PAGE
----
HVAC - use flexible ducting and build mufflers and dead vents

Door - use a solid core door with proper weatherstripping and threshold

for more detailed info on soundproofing techniques visit www.soundproofingcompany.com and read the library articles ... John and Ted will be happy to answer any questions and of course they supply the products you need as well like GG, clips etc
 

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Thank you, Brian. The HVAC lines may be the culprit because there is a lot of it, and most aren't even wrapped. The subfloor itself was insulated, I assumed because the main floor above is ceramic tiled. I thought of laying additional R38 insulation on top of the ceiling panels as I install them in the grid.
Is this worth it?
Tin ducts are the worst. Replacing with flex will at least keep them from amplifying the noise.

Filling the joist cavities will help more with upper bass through highs rather than the low to midbass. That just requires mass like the MLV hung loosely from the joist bottoms.

Bryan
 

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Discussion Starter #9
Oy vey!

Thanks Steve. The ceiling I can do something about, but since this is a pre-existing home, and budget is an issue, and the wife and daughter do not think it HT sound should demand such attention, I am going to have to have to do what I can and settle with reading about other guys set up.
 

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the wife and daughter do not think it HT sound should demand such attention,
Just get a MONSTER sized sub and they will get the point why a few bucks spent on sound isolation is a good thing ... that is unless whenever you watch movies you are all together so no one else is disturbed

There is another point to consider when thinking about sound isolation for a theater

Due to the fact that alot of them are built in basements there is alot of "basement noise" that can be disturbing especially when movies are in quiet scenes ... stuff like HVAC, water running in pipes, people walking around upstairs, sounds from the neighbourhood etc etc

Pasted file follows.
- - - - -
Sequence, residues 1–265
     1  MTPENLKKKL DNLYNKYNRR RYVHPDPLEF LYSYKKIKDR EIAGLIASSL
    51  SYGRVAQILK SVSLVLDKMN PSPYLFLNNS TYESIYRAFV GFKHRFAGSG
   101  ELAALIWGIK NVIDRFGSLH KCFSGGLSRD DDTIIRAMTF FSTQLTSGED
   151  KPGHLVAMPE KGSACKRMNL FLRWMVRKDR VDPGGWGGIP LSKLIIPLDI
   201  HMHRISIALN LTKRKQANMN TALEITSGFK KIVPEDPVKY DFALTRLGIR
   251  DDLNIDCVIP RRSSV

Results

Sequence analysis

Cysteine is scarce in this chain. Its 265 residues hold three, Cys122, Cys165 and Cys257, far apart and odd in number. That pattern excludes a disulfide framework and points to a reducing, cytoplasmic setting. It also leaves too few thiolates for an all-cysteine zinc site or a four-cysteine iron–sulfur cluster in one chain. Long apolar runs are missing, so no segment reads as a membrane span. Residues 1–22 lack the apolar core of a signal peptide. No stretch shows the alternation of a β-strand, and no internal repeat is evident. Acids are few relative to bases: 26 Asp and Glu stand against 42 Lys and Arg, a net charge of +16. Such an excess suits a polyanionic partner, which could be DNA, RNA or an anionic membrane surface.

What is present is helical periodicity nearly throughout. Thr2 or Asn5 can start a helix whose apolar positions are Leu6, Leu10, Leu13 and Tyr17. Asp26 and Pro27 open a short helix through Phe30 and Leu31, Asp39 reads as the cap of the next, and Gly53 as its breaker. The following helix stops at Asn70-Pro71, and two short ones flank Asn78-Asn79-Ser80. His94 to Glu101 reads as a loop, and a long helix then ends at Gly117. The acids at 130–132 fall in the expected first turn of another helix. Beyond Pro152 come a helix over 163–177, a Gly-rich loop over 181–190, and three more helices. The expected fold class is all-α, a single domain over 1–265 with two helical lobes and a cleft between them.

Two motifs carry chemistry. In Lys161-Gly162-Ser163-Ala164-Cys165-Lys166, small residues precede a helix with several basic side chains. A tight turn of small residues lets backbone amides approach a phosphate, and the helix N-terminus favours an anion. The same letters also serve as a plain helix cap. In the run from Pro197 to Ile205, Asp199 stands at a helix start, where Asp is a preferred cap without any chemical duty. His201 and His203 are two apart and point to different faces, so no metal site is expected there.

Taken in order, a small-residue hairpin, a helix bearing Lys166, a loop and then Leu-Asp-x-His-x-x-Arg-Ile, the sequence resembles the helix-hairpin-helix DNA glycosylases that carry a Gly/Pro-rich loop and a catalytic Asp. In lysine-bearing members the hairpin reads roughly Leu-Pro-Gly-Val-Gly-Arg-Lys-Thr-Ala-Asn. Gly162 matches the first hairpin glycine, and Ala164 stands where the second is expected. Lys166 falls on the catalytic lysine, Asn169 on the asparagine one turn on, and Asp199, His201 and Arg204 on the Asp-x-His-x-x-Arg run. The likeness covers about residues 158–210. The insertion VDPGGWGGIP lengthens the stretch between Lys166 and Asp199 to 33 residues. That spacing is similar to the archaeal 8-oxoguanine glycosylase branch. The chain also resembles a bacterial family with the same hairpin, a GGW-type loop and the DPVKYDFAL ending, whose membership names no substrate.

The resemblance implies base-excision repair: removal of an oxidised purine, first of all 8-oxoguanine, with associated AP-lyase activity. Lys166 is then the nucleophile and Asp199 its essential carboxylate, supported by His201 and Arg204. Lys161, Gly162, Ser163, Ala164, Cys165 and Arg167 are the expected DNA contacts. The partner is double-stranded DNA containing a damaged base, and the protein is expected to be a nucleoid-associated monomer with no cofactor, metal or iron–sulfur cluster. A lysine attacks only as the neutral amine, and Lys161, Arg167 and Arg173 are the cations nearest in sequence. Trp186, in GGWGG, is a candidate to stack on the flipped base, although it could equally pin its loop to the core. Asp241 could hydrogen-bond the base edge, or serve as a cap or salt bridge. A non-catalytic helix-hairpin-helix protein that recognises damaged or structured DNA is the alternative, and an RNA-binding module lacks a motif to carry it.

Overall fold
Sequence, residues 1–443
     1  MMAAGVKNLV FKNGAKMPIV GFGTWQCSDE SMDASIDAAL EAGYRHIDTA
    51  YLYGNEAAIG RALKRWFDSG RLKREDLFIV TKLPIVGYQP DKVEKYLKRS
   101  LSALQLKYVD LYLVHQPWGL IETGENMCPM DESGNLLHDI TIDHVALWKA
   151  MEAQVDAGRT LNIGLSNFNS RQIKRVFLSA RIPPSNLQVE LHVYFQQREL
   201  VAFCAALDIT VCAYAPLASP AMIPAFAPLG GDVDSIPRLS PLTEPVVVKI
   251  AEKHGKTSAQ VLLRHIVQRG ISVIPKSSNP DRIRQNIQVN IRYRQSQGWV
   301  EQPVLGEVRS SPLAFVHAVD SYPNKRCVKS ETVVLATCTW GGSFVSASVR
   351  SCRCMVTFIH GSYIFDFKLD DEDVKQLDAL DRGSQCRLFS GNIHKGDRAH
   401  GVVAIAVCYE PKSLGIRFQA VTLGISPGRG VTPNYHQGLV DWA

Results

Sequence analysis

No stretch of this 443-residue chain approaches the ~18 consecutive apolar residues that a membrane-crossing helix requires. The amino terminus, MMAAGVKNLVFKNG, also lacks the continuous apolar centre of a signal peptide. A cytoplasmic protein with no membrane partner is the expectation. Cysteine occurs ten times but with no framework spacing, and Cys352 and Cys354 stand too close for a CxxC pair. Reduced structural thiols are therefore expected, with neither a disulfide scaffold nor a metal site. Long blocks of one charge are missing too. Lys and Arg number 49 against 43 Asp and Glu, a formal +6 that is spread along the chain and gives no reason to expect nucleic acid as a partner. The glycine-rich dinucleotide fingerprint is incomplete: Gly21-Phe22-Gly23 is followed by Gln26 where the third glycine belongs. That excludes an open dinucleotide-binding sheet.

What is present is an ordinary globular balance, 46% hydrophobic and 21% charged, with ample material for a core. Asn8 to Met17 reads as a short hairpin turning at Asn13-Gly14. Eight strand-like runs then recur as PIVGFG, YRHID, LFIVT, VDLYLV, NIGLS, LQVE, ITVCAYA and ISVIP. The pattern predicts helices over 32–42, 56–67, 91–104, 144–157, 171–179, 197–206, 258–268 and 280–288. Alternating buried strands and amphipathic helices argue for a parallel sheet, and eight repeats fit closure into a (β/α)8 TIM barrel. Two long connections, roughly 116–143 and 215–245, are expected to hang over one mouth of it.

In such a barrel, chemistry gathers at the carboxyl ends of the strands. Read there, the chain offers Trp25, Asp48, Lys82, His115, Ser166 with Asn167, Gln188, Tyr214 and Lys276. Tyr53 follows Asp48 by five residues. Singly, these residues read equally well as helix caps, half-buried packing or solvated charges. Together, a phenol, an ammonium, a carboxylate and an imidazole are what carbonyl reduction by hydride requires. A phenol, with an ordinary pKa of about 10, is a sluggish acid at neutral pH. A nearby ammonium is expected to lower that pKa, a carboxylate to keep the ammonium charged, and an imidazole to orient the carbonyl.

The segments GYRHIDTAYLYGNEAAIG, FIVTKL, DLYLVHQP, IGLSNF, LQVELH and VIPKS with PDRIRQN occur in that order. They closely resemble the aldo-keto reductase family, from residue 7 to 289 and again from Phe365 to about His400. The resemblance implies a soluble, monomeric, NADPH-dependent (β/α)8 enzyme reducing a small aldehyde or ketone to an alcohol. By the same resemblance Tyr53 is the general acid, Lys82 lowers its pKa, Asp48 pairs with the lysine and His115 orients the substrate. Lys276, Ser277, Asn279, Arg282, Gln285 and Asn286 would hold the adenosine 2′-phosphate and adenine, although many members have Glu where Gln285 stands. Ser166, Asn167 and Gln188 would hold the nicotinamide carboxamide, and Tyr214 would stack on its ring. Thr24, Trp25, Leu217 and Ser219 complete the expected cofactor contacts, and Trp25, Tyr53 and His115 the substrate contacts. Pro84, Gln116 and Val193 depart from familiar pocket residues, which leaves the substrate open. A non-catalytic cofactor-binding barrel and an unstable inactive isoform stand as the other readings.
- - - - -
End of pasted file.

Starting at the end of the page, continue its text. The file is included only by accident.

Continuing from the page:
replacing drywall and framing some walls is not that costly anyway ... if you change the roomsize to something like 9 X 20 that is only about 28 sheets of 8' drywall & 5 sheets of 9' ( for ceiling ) if you do 2 layers of 5/8" ... anywhere from $6 - $10/sheet so under $300 probably ... framing is cheap and so is R13 insulation ... you can use 1 tube of GG per sheet and still get 70% effectiveness so a couple cases should do ya ;)
 

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Discussion Starter #11
When I picked up the SVS Ultra, it scared me. And when the seller told me he was building a couple of monstrous sonotubes (for his rental apartment!) I had to get out of there fast, after he helped me load the 150 lb sub.The drywall and green glue I will do when I build a front wall to recess my speakers and components.
I will put R13 insulation over the ceiling tiles as well, because the complaints is that the house just seem to vibrate all the way to higher floors, and after this discussion, I am convinced the ductwork is the main cause for the sound transmission.
Thanks again for your advice in the matter.
 

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I am convinced the ductwork is the main cause for the sound transmission.
Thanks again for your advice in the matter.
Well the HVAC is one cause :innocent: ... but not the only cause LOL

At least you have a gameplan should you decide to go ahead and soundproof the room.

Cheers